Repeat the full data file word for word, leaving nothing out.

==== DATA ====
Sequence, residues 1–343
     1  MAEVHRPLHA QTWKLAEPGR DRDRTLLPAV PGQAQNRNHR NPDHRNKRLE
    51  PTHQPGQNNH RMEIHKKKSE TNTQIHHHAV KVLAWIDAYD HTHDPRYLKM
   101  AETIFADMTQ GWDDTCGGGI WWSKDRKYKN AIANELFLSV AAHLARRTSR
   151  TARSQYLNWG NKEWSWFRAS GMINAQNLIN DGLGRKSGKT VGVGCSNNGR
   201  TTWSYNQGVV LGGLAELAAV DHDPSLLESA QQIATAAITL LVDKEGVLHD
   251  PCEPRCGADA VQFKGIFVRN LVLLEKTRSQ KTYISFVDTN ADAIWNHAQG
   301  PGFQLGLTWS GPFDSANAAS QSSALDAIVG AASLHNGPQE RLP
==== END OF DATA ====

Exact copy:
Sequence, residues 1–343
     1  MAEVHRPLHA QTWKLAEPGR DRDRTLLPAV PGQAQNRNHR NPDHRNKRLE
    51  PTHQPGQNNH RMEIHKKKSE TNTQIHHHAV KVLAWIDAYD HTHDPRYLKM
   101  AETIFADMTQ GWDDTCGGGI WWSKDRKYKN AIANELFLSV AAHLARRTSR
   151  TARSQYLNWG NKEWSWFRAS GMINAQNLIN DGLGRKSGKT VGVGCSNNGR
   201  TTWSYNQGVV LGGLAELAAV DHDPSLLESA QQIATAAITL LVDKEGVLHD
   251  PCEPRCGADA VQFKGIFVRN LVLLEKTRSQ KTYISFVDTN ADAIWNHAQG
   301  PGFQLGLTWS GPFDSANAAS QSSALDAIVG AASLHNGPQE RLP